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At Smith Debnam, we understand the uncertainty and discomfort a client may feel when facing a separation and divorce. We will carefully listen and learn all we can about your unique situation in order to formulate solutions to help you accomplish your goals. Our divorce attorneys are focused on helping you move forward – legally, financially and emotionally. Our responsible and caring team is here to help you navigate through this challenging time.
“Emily Jeske helped me to settle my divorce case. She was responsive, prompt and courteous. She helped me to navigate a complicated process and advocated for what was in my children’s best interests. I found the front desk staff helpful and I could not have asked for a better experience with the divorce itself, all thanks to Emily (I ended up working with Emily after two other lawyers couldn’t help me) “ – Erin B.
Here at Smith Debnam, we are proud to advocate for you and your family. To schedule a consultation with a Raleigh divorce attorney at our firm, call 919-250-2000.
Do I need a lawyer?
It is in a person’s best interests to hire an attorney for his or her case, one who is committed to not only educating him or her about rights and obligations, but who is also there to serve as an advocate. A good attorney knows the law inside and out and stays current on updates that may affect the case. A good attorney also knows important deadlines and the proper procedure for filing documents at the court. Many attorneys have good relationships with judges and other attorneys, who can often help an individual’s case.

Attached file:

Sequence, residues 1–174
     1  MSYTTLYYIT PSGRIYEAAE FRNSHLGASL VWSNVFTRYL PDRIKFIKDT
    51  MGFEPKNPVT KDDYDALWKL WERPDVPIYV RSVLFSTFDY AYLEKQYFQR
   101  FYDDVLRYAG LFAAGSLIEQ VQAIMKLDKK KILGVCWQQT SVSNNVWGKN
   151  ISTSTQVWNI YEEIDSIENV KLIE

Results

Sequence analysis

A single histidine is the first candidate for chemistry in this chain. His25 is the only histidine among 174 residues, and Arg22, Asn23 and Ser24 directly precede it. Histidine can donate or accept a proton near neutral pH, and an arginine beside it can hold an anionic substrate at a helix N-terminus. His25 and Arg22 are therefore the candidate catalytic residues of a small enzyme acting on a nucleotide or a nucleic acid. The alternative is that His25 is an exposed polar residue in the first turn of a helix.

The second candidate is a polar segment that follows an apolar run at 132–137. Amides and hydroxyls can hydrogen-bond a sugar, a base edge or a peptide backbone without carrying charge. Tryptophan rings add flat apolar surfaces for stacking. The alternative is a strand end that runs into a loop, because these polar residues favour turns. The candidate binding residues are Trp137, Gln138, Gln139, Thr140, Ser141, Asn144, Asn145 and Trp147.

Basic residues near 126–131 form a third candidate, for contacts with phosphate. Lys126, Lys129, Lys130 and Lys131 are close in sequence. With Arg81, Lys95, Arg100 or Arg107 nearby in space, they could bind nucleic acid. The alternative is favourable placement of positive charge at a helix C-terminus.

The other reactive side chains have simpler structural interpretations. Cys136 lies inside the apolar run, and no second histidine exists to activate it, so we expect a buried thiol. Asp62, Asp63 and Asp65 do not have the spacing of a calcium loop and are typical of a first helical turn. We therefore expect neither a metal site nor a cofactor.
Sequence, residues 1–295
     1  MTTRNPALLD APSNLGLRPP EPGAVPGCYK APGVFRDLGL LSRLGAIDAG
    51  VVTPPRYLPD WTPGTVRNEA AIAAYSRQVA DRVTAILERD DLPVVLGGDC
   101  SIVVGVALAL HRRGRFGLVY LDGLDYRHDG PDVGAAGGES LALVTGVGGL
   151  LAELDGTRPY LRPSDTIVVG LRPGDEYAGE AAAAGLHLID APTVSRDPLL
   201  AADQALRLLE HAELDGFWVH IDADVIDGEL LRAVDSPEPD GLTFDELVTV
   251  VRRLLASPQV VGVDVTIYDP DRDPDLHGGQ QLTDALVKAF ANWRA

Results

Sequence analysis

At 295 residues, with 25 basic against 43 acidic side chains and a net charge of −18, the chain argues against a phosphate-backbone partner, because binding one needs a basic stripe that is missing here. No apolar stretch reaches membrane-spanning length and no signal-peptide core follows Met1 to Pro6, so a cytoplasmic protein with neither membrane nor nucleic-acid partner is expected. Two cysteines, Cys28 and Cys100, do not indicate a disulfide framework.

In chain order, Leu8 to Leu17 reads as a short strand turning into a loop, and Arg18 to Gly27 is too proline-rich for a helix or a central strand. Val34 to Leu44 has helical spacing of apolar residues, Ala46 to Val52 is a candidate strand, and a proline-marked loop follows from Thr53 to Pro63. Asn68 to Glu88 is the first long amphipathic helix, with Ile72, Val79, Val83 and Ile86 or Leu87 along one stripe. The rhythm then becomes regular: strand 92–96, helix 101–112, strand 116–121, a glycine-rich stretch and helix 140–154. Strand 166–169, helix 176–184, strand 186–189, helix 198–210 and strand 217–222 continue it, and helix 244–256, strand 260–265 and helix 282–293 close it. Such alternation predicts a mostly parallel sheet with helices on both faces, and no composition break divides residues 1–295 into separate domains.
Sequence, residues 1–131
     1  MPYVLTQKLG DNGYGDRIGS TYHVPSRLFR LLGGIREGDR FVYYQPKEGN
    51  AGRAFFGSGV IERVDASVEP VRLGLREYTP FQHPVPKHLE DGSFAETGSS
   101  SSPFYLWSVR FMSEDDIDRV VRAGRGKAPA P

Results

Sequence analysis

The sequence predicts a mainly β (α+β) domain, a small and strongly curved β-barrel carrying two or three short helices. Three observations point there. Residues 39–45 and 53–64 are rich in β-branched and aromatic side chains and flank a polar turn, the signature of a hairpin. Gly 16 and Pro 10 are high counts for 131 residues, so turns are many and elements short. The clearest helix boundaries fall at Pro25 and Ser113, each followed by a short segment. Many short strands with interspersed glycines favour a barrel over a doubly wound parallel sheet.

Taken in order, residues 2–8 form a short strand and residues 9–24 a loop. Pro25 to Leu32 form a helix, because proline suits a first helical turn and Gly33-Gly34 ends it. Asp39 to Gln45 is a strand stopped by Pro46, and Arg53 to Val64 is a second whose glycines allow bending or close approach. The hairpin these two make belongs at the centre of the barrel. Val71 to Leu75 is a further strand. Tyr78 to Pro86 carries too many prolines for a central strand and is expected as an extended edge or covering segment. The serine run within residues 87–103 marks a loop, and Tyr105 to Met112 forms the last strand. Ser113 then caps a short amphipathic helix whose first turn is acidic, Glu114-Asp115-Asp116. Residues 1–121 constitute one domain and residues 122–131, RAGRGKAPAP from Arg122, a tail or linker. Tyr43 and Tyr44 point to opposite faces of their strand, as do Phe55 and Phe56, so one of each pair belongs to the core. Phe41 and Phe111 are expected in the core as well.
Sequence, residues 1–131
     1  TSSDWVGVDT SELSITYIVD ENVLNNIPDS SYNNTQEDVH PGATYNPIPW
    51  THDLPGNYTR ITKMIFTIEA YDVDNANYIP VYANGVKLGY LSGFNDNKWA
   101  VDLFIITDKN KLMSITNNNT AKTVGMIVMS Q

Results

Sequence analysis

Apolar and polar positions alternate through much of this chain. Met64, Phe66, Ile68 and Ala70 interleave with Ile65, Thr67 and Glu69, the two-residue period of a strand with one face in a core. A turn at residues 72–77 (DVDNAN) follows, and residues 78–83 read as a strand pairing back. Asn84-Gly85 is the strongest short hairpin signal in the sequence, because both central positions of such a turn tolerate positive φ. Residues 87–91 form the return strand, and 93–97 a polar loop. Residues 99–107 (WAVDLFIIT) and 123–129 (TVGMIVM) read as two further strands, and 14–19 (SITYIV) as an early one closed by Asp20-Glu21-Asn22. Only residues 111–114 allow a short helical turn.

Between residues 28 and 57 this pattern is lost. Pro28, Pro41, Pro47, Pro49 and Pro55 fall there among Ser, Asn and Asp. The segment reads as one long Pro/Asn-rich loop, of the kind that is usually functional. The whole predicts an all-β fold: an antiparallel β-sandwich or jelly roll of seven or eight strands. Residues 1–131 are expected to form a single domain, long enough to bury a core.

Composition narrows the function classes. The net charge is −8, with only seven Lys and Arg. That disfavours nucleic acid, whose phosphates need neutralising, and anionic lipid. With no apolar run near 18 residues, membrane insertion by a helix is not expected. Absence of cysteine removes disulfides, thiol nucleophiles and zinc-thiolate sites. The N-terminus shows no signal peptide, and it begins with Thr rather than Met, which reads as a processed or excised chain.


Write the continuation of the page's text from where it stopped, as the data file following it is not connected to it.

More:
What are the consequences of marital misconduct?
Marital misconduct can be considered when determining amount or duration of alimony or as a basis for a court-ordered separation.
What can I expect throughout the process?
When a person contacts Smith Debnam for help with a family law issue, he or she first speaks with a knowledgeable paralegal who will ask some questions about the case and can schedule a consultation with one of our attorneys. The consultation is an important step in the process. It gives the client an opportunity to ask detailed questions and evaluate if the attorney is a good fit for his or her case. When clients come in for the initial consultation, they need to bring any documents that are relevant to the matter. For example, clients should bring previous agreements or court pleadings that the attorney will need to review to advise them correctly. If they are coming in for a consultation to begin the separation process, clients should bring documents evidencing marital debts and assets. Once an individual chooses to retain the attorney for his or her case, that client is assigned a paralegal to walk them through the process. That paralegal will assist the client with preparing the documents necessary for the court process, or work with him or her to gather documents necessary to negotiate settlement documents. The paralegal will also be in regular contact regarding approaching deadlines. The attorney educates clients about their rights and obligations and sets goals and milestones based on specific situations. Being honest about all the details of the case from the beginning is essential to the process. We want all of our clients to feel comfortable with our attorneys and trust that they will guide them in the right direction and help make responsible decisions for each family.